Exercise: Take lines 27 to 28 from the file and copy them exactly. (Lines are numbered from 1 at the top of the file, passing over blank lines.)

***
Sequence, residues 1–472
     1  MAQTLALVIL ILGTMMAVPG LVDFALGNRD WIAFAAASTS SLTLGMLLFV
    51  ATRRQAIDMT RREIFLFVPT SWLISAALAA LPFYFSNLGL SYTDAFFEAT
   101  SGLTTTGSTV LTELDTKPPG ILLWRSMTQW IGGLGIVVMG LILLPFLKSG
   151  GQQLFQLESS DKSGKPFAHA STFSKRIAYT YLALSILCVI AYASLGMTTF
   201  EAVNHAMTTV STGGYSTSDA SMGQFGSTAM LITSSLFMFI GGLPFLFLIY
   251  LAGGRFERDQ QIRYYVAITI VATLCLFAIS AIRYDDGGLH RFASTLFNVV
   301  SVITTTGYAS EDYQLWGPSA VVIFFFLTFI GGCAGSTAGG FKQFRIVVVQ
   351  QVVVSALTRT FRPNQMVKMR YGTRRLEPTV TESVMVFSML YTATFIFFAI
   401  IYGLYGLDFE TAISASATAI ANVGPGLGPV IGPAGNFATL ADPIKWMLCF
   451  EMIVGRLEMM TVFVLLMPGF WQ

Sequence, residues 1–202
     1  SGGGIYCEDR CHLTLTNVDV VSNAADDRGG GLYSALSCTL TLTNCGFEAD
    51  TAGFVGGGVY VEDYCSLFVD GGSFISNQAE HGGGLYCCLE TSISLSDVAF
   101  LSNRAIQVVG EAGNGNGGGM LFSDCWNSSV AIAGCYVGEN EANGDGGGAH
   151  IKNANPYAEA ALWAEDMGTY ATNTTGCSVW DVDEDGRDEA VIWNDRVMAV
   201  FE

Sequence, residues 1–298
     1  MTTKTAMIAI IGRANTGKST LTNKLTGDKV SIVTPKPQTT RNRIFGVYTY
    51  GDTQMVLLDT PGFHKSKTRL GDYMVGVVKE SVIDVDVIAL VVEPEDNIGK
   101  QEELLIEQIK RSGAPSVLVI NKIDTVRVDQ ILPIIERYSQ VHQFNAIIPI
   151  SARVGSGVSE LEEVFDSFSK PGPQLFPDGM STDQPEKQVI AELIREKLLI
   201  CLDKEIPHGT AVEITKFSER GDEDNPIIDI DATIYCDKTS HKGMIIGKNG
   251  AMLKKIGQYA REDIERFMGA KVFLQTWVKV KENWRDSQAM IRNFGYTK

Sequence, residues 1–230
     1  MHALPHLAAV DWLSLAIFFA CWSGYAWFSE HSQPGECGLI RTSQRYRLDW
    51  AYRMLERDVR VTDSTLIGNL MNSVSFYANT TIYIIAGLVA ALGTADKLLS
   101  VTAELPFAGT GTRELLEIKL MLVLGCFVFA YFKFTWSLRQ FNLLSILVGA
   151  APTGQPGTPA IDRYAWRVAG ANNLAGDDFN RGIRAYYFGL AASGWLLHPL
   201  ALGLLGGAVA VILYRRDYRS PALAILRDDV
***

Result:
    51  AYRMLERDVR VTDSTLIGNL MNSVSFYANT TIYIIAGLVA ALGTADKLLS
   101  VTAELPFAGT GTRELLEIKL MLVLGCFVFA YFKFTWSLRQ FNLLSILVGA